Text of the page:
Astronomy and Astrophysics, volume 563A, 65-65 (2014/3-1)
Blowing in the wind: The dust wave around σ Orionis AB.
OCHSENDORF B.B., COX N.L.J., KRIJT S., SALGADO F., BERNE O., BERNARD J.P., KAPER L. and TIELENS A.G.G.M.
Abstract (from CDS):
Observations obtained with the Spitzer Space Telescope and the WISE satellite have revealed a prominent arc-like structure at 50'' (≃0.1pc) from the O9.5V/B0.5V system σ Ori AB. We measure a total dust mass of 2.3±1.5x10–5M☉. The derived dust-to-gas mass ratio is ≃0.29±0.20. We attribute this dust structure to the interaction of radiation pressure from the star with dust carried along by the IC 434 photo-evaporative flow of ionized gas from the dark cloud L1630. We have developed a quantitative model for the interaction of a dusty ionized flow with nearby (massive) stars where radiation pressure stalls dust, piling it up at an appreciable distance (0.1pc), and force it to flow around the star. The model demonstrates that for the conditions in IC 434, the gas will decouple from the dust and will keep its original flow lines. Hence, we argue that this dust structure is the first example of a dust wave created by a massive star moving through the interstellar medium. Our model shows that for higher gas densities, coupling is more efficient and a bow wave will form, containing both dust and gas. Our model describes the physics of dust waves and bow waves and quantitatively reproduces the optical depth profile at 70µm. Dust waves (and bow waves) stratify dust grains according to their radiation pressure opacity, which reflects the size distribution and composition of the grain material. It is found that in the particular case of σ Ori AB, dust is able to survive inside the ionized region. Comparison of our model results with observations implies that dust-gas coupling through Coulomb interaction is less important than previously thought, challenging our understanding of grain dynamics in hot, ionized regions of space. We describe the difference between dust (and bow) waves and classical bow shocks created by the interaction of a stellar wind with the interstellar medium. The results show that for late O-type stars with weak stellar winds, the stand-off distance of the resulting bow shock is very close to the star, well within the location of the dust wave. In general, we conclude that dust waves and bow waves should be common around stars showing the weak-wind phenomenon, i.e., stars with log(L/L☉) 5.2, and that these structures are best observed at mid-IR to FIR wavelengths, depending on the stellar spectral type. In particular, dust waves and bow waves are most efficiently formed around weak-wind stars moving through a high density medium. Moreover, they provide a unique opportunity to study the direct interaction between a (massive) star and its immediate surroundings.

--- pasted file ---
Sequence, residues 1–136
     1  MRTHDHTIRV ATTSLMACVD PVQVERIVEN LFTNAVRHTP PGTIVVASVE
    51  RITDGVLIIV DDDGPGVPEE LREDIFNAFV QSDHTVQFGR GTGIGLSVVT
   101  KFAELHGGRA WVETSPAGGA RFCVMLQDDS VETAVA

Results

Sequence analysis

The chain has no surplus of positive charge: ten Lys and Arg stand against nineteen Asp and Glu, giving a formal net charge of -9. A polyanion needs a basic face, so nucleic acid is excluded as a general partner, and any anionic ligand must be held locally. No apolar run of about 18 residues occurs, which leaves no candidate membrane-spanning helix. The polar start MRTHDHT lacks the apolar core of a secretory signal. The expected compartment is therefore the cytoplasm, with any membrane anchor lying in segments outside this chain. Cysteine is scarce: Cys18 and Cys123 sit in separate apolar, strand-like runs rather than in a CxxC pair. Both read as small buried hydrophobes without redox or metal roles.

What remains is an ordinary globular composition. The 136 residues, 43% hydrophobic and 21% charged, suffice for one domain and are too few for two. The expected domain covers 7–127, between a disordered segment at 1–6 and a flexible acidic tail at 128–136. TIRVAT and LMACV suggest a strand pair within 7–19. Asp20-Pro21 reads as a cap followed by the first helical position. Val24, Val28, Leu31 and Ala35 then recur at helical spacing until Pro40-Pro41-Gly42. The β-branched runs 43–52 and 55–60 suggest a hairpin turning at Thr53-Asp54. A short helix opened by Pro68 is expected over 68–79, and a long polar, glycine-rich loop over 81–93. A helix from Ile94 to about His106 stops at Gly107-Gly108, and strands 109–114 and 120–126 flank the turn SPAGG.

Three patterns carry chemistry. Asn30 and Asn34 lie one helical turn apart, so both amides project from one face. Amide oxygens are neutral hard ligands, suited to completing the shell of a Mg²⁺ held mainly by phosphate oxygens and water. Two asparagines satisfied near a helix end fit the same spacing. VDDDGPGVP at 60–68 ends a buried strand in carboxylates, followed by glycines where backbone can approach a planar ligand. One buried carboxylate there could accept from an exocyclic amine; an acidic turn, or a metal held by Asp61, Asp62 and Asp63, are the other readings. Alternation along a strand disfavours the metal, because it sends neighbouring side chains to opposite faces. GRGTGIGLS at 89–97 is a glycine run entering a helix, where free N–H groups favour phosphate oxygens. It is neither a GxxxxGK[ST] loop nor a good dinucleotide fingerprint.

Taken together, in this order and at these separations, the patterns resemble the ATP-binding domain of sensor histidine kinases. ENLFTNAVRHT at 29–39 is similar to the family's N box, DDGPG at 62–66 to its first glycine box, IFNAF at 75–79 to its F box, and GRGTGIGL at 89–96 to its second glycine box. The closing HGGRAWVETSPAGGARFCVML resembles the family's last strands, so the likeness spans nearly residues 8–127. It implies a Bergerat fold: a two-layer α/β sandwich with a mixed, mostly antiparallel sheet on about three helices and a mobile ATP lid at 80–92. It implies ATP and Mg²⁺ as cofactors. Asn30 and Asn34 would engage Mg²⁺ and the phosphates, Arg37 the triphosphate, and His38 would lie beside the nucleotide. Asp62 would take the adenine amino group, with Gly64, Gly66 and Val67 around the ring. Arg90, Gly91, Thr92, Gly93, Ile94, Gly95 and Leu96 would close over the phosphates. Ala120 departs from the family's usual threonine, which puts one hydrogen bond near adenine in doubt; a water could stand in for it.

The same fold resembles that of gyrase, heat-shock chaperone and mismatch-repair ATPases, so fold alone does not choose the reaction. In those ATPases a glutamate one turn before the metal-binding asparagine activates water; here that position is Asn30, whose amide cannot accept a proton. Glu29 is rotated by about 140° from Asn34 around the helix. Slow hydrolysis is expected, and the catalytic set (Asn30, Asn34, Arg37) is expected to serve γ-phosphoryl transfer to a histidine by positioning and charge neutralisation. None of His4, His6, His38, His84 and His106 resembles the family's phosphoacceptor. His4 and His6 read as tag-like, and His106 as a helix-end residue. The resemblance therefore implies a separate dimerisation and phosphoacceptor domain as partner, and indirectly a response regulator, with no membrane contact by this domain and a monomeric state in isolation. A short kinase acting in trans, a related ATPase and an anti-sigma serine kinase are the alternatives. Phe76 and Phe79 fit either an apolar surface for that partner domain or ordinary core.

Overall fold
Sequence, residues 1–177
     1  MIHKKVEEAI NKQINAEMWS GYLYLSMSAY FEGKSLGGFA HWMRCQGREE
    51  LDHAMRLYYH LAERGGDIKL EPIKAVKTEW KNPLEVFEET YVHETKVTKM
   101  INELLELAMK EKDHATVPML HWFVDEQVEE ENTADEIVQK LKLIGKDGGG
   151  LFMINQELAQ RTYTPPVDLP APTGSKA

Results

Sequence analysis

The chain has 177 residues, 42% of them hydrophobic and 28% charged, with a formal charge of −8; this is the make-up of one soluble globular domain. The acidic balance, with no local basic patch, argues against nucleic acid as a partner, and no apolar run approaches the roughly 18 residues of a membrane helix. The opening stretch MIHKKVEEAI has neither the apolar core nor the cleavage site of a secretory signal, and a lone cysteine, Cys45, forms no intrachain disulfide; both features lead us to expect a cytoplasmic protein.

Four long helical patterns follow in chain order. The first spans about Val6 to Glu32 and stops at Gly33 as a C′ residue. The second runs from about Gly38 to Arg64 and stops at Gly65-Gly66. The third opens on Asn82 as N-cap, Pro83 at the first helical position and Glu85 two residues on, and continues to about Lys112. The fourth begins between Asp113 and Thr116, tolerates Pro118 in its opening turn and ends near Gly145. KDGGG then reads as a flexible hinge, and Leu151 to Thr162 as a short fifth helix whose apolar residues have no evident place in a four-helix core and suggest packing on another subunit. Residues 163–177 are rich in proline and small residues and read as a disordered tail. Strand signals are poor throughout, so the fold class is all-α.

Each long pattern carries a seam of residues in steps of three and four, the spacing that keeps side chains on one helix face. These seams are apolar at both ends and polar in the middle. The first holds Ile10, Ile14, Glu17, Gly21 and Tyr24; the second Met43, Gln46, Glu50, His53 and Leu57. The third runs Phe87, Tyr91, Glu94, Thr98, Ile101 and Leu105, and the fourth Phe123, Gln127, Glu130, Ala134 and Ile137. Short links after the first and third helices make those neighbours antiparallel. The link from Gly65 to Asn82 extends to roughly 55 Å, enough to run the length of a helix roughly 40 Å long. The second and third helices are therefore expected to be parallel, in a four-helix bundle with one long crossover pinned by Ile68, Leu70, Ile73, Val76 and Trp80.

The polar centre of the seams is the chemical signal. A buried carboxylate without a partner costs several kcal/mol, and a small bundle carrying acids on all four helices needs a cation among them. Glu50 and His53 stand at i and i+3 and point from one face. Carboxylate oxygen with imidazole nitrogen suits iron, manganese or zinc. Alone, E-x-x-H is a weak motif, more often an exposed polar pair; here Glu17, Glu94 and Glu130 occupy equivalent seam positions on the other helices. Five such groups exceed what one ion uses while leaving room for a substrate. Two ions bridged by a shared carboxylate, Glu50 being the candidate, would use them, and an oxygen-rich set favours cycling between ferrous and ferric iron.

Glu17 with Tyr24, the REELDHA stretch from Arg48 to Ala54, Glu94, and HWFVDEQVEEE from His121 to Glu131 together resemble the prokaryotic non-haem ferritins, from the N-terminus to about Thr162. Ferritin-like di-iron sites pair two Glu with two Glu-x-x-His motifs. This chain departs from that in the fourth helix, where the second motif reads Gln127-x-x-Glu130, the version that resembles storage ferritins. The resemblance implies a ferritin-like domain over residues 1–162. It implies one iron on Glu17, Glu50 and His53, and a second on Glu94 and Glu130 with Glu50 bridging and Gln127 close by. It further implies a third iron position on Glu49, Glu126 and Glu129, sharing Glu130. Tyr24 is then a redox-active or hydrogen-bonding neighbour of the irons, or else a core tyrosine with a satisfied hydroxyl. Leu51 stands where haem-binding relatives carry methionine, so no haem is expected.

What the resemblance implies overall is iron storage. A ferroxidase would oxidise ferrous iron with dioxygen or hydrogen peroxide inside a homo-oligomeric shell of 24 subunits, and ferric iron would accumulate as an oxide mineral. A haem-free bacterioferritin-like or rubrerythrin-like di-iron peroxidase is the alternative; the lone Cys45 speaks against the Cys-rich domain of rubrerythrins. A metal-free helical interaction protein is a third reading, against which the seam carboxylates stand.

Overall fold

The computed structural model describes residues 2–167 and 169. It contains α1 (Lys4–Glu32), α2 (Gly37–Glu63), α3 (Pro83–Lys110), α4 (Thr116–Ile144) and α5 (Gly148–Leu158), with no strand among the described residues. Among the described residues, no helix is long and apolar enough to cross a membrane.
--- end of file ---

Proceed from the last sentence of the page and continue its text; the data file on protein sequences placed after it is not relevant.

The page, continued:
dust, extinction - ISM: kinematics and dynamics - astrochemistry - infrared: ISM - HII regions
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